Polar table design

I just adapted a bunch of sisyphus designs for my sand table using Sandify. All those beautiful round designs make me want to build a polar table. I’ve been googling around, but haven’t run across any polar designs yet that don’t require the drawing surface to turn. Anyway, can anyone point me at a good polar design? Thanks!

If you build it, they will come. :D.

I haven’t seen anything like that (I am far from an expert though). I would guess the mechanism in the polar tables is something to spin a rod, and something that rides along the rod. The part that seems most mysterious to me is how the thing can spin 3000 times in one direction, and still have anything attached to it. I wonder if the radius axis is moved by a stepper at the center, so everything that spins could be passive. There must be some way to do that with a couple of gears and a continuous belt. Sort of like the corexy. If you spin just the gear motor, the thing turns and the magnet moves closer, if you do them both, you can move one or the other. I’m not making any sense, but it works out in my head :).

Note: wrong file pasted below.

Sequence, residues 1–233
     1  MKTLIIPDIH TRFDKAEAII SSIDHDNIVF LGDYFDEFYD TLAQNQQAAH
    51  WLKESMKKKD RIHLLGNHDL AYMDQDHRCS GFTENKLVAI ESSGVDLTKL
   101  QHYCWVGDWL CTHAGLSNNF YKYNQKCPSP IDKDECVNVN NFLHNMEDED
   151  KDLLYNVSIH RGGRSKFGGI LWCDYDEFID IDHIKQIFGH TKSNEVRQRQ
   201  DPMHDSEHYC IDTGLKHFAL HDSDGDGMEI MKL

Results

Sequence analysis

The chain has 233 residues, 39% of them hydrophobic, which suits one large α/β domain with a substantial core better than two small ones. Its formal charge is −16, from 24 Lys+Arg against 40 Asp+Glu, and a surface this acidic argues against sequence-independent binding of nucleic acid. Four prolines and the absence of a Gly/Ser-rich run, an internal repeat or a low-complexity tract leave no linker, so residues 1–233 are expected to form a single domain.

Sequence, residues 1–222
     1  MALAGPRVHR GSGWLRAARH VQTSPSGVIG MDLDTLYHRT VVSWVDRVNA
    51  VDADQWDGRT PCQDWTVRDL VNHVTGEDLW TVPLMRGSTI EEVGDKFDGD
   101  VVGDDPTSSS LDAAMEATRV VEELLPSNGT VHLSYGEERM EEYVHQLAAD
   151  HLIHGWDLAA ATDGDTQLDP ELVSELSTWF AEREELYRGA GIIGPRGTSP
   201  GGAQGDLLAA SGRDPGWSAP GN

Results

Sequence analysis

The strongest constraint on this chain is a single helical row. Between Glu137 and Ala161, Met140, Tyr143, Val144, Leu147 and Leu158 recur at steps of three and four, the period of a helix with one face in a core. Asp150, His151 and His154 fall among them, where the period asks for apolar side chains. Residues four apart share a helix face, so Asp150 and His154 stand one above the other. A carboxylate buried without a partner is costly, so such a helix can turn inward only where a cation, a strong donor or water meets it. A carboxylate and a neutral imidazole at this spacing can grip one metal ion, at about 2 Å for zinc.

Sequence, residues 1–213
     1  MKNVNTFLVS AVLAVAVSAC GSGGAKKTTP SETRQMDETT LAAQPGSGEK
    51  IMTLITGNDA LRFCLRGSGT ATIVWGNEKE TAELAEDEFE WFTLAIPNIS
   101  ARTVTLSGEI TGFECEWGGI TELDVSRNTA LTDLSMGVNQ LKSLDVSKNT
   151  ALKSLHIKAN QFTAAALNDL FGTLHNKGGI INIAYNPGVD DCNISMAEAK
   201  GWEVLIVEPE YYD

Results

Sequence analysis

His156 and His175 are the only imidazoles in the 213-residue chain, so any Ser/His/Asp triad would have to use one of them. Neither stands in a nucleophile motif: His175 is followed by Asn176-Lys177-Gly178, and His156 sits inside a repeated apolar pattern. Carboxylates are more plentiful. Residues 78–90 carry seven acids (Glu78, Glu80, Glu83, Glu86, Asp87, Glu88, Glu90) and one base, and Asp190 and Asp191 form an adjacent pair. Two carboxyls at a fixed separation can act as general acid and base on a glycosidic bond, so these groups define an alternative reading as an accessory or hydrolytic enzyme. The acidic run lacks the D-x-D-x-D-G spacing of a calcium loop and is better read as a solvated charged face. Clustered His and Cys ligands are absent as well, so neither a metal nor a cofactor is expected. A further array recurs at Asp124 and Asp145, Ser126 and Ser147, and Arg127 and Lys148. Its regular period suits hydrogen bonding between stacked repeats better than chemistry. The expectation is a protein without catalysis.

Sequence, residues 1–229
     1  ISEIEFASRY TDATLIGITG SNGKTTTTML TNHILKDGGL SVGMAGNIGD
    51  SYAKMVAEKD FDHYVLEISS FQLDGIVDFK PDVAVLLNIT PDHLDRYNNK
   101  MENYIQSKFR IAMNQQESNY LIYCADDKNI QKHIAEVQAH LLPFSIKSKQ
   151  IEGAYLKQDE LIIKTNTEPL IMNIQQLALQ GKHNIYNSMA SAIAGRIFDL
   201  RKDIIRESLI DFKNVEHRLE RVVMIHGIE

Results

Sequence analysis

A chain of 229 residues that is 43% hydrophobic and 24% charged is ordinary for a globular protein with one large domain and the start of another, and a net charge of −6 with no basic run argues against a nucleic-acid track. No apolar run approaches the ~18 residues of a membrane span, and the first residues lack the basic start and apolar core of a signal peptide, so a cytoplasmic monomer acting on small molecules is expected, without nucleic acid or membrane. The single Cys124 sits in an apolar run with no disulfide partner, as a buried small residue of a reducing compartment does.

OK, I couldn’t help it, I had to draw what I was thinking.

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The radius motor moves a belt, which moves the gantry. The gantry slides on some track, which is held at a particular angle by the large gear. To change the theta, the theta motor turns, and to keep a constant radius, the radius motor needs to turn the same angle. The mounts connect the track to the large gear, and both motors are stationary.

How would you get to zero radius though? The gantry and the middle motor need to be able to not collide. Maybe there’s something with a string instead of a GT2 belt, so you can wrap it around a pulley instead…

I guess if the gantry was connected to the belt on the “bottom” in that drawing, it could move past zero…

And, you don’t really need the left side of the slider either :). This is really interesting to me (in case you couldn’t tell).

If you put a 608 bearing on the left side, and a 608 bearing out at the end with the normal smaller pulley on the motor, you probably have clearance to get past in a straight line. You wouldn’t have to have a continuous belt, the zip ties could be on the gantry. I wonder if EMT is the right choice for the linear rails? I suppose it all depends on the scale of things. That gear would get pretty big if the linear rails were big. Could one piece of 2020 work?